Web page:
Sarah Luria

Associate Professor, Department of English

When young Thomas Sutpen in William Faulkner’s Absalom, Absalom! (1936) comes down from the hill country, where his family has lived as squatters, to Virginia’s tidewater river plantations, he sees private property for the first time: “[W]here he lived the land belonged to anybody …and so the man who would go to the trouble …to fence off a piece of it and say ‘This is mine’ was crazy; …he didn’t … know there was a country all divided and fixed and neat” (Absalom, Absalom!). My current book project traces the strange alchemical process by which land is turned into property as told through literature and photographs. My purpose is to help people to look afresh at their environments with something like the astonishment that Sutpen feels, but in reverse: instead of seeing land turned into property, to see the land mass obscured by structured neighborhoods and built environments. As part of this work I use digital imaging to “unsee” property lines and use literature to help reflect upon these new views. The film on this website’s homepage provides an example of such work.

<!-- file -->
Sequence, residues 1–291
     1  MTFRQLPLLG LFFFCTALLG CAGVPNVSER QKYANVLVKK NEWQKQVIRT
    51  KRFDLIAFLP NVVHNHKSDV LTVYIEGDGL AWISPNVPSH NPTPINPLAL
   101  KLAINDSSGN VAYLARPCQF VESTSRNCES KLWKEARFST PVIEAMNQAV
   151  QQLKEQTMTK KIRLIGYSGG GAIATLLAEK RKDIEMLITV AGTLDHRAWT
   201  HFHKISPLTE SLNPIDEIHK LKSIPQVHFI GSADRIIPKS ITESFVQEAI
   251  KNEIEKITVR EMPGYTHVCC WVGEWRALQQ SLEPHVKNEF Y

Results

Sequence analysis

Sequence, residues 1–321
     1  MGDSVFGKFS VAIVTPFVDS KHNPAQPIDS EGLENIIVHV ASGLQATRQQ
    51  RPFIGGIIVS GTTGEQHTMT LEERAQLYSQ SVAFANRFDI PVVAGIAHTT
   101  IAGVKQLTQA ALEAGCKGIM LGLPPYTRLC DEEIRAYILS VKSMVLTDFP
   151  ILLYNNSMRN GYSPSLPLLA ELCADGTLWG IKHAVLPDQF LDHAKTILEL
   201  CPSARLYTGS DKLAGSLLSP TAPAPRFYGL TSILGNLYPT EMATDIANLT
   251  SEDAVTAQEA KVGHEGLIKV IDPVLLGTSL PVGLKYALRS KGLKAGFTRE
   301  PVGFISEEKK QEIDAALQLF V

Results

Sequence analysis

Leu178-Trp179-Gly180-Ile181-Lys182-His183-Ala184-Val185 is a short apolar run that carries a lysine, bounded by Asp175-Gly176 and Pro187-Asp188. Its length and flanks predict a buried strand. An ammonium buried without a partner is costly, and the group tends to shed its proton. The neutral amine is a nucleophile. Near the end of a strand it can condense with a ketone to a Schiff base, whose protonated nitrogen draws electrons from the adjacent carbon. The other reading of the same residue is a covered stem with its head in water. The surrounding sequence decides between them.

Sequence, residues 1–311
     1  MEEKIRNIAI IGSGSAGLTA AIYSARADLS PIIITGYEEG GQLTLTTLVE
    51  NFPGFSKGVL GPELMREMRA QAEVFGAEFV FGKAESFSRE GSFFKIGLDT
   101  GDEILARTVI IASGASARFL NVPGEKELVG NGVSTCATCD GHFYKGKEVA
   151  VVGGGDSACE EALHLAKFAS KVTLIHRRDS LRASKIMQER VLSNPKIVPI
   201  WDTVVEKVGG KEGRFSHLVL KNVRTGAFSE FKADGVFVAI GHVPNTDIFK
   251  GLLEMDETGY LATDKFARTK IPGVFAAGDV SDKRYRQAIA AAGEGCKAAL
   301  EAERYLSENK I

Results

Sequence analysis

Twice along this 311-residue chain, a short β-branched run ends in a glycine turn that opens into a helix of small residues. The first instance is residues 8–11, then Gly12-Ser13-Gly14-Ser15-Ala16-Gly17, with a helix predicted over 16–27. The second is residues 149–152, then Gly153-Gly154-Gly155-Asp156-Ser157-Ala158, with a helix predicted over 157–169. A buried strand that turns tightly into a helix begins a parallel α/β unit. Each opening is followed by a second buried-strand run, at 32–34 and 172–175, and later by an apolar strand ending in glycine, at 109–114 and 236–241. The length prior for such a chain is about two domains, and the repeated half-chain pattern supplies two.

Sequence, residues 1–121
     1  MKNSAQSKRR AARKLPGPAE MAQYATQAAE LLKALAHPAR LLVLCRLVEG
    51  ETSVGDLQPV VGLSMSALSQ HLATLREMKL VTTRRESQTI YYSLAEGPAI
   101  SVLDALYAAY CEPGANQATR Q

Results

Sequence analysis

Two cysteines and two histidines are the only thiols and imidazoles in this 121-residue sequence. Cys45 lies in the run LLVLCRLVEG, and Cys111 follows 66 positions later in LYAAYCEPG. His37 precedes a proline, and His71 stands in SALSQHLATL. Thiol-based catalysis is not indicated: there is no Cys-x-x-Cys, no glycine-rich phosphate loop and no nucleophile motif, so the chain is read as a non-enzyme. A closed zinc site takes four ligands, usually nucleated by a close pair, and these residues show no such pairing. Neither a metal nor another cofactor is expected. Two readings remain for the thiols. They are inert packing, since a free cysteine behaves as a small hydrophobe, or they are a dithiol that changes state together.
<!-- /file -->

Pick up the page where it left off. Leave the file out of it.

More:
The Art of Surveying draws upon the rich trove of literature and photographs that not only comment upon but participate in the work of land division. Examples include William Byrd’s Histor[ies] of the Dividing Line (c. 1730s), Henry David Thoreau’s land surveys and related writings, Timothy H. O’Sullivan’s photographs for two of the “Great Western Surveys” led by Clarence King and Lt. George M. Wheeler (1867-71 and 1871-74), Gordon Matta Clark’s Fake Estates project (1970s), and Thomas Pynchon’s Mason & Dixon (1997).


Robert Lowell, "For the Union Dead"